• European expert panel on appropriate use of NSAID Name Speciality Country 1- Gerd R Burmester Rheumatology Germany 2-Francis Berenbaum Rheumatology France 3- Ferdinand Breedveld Rheumatology The Netherlands 4- Maxime Dougados Rheumatology France 5- Emilio Martín Mola Rheumatology Spain 6- Ignazio Olivieri Rheumatology Italy 7- Josef Smolen Rheumatology Austria 8- Stefan Lohmander Orthopaedics Sweden 9- Luigi M Biasucci Cardiology Italy 10- Matthias Hermann Cardiology Switzerland 11- Tom MacDonald Cardiology and Clinical Pharmacology UK 12- Chris Hawkey Gastroenterology UK 13- Angel Lanas Gastroenterology Spain 14- Carmelo Scarpignato Gastroenterology and Clinical Pharmacology Italy 15- Adam Bajkowski Family Medicine UK 16- Peter Dieleman Family Medicine Belgium 17- Tony Mets Geriatrics Belgium 18- Nele Van Den Noortgate Geriatrics Belgium
  • http://www.e-hims.com/Sensar/
  • SENSAR software Appropriate use of NSAIDs in chronic rheumatic disease • Given complexity of data & to avoid oversimplification: Electronic tool may offer best opportunities as quick reference guide to panel results • In the complex and dynamic area of NSAID use: Such approach offer best chances of benefiting from perspective of both science & practice http://www.e-hims.com/Sensar/ Burmester G et al. Ann Rheum Dis 2011 ; 70 : 818 – 822.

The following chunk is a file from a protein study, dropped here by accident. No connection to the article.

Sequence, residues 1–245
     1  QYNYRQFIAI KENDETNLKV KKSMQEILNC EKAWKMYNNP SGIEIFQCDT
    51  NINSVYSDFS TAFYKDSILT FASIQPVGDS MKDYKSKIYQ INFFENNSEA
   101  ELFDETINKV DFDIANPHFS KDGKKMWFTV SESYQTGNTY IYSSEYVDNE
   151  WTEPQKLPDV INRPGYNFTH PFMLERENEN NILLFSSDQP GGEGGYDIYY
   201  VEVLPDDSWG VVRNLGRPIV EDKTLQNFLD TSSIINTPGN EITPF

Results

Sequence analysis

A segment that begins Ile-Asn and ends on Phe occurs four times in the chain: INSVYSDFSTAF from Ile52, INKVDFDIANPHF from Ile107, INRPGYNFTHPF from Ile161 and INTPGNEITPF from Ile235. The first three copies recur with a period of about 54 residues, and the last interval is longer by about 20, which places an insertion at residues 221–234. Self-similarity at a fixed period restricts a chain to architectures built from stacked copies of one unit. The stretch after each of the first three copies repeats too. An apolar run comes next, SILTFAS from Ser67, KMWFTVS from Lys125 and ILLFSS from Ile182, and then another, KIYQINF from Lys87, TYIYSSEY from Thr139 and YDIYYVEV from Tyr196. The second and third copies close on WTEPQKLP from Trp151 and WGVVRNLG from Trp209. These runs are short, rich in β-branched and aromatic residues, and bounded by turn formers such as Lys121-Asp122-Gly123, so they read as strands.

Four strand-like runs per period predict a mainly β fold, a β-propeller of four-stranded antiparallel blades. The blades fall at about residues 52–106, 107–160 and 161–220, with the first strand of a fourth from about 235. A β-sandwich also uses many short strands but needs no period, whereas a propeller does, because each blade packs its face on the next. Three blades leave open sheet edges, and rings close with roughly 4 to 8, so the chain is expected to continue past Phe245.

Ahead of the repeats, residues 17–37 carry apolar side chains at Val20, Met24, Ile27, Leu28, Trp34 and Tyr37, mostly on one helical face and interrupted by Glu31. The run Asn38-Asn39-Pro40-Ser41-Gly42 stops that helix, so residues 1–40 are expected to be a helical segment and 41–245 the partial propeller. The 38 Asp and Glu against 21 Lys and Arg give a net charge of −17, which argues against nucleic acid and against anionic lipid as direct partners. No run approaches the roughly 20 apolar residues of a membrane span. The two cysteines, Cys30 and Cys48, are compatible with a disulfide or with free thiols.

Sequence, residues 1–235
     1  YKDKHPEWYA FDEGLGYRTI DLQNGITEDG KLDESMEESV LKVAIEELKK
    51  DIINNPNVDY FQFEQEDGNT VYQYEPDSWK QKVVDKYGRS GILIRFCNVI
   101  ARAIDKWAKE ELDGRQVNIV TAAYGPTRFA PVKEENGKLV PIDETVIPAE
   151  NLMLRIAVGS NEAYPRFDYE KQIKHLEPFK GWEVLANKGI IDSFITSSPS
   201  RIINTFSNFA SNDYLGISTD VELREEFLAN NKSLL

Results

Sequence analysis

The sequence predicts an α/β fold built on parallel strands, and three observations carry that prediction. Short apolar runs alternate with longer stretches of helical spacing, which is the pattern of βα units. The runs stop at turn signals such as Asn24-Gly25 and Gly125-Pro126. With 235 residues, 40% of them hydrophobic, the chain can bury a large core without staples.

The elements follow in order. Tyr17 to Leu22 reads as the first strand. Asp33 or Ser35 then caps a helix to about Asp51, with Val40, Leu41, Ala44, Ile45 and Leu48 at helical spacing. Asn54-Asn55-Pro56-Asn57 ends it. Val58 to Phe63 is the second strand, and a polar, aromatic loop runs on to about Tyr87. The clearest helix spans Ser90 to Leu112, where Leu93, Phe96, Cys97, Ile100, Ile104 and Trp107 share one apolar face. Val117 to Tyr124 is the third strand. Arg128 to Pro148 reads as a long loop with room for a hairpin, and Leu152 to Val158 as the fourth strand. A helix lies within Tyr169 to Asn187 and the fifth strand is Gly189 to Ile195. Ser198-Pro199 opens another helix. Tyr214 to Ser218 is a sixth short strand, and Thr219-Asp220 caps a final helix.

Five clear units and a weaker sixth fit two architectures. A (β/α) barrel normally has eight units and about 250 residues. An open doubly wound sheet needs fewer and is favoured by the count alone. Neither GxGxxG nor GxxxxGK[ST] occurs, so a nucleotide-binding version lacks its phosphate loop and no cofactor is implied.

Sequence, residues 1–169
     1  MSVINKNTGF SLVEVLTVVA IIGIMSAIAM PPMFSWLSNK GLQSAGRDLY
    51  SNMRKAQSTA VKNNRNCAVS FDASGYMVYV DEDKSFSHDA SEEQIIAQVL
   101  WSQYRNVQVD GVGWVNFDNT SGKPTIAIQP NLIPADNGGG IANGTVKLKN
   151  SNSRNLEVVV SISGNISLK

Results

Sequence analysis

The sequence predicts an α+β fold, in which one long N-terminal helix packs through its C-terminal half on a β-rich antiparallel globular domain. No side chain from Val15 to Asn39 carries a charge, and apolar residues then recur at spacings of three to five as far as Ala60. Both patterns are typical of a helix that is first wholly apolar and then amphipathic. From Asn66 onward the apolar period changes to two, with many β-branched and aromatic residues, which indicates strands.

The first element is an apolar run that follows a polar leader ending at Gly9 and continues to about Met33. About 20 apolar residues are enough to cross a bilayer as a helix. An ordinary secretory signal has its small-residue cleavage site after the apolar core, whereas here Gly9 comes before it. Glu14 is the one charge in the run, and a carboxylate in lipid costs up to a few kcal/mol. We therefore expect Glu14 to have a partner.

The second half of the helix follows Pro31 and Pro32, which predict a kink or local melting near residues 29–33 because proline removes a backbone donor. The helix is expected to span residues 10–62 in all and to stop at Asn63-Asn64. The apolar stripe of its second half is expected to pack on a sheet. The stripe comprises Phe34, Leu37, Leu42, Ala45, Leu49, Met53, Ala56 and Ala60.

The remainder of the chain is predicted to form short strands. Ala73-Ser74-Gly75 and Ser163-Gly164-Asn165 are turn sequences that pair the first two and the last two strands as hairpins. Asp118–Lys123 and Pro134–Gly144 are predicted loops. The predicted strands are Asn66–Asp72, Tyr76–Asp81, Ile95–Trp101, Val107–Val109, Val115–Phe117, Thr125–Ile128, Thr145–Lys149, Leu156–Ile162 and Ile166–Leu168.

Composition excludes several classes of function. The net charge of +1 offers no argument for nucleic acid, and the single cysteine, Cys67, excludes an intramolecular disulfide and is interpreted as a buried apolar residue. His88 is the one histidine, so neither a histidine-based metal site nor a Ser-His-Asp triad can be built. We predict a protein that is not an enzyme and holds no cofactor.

• Major GI bleeding in low dose aspirin 14 RCTs – over 57 000 patients McQuaid KR et all. Am J Med 2006 ; 119 : 624 – 638. Major GI bleeding: fatal – hospitalization – transfusion Low dose asipirin: 75 – 325 mg/day NNH during 1 year period: 833
  •  PPIs & dyspepsia
  • Functional dyspepsia • Persistent or recurrent pain or discomfort centered in the upper abdomen for more than 12 weeks in the preceding 12 months with no evidence of an organic disease that is likely to explain the symptoms • Divided into 4 symptom groups: Ulcer-like Reflux-like Dysmotility-like Unspecified
  • Alarm features in dyspepsia (red flags) • Age > 55 years with new-onset dyspepsia • Family history of UGI cancer • Unintended weight loss • Gastrointestinal bleeding • Progressive dysphagia or odynophagia • Unexplained iron-deficiency anemia • Persistent vomiting • Palpable mass or lymphadenopathy • Jaundice AGA technical review on evaluation of dyspepsia. Gastroenterology 2005 ; 129 : 1756 – 80. 
  • PPI versus placebo in uninvestigated dyspepsia MA of 4 RCTs AGA technical review on evaluation of dyspepsia. Gastroenterology 2005 ; 129 : 1756 - 80.
  • PPI versus placebo in nonulcer dyspepsia MA of 8 RCTs AGA technical review on evaluation of dyspepsia. Gastroenterology 2005 ; 129 : 1756 - 80.
  •  PPIs & Zollinger-Ellison syndrome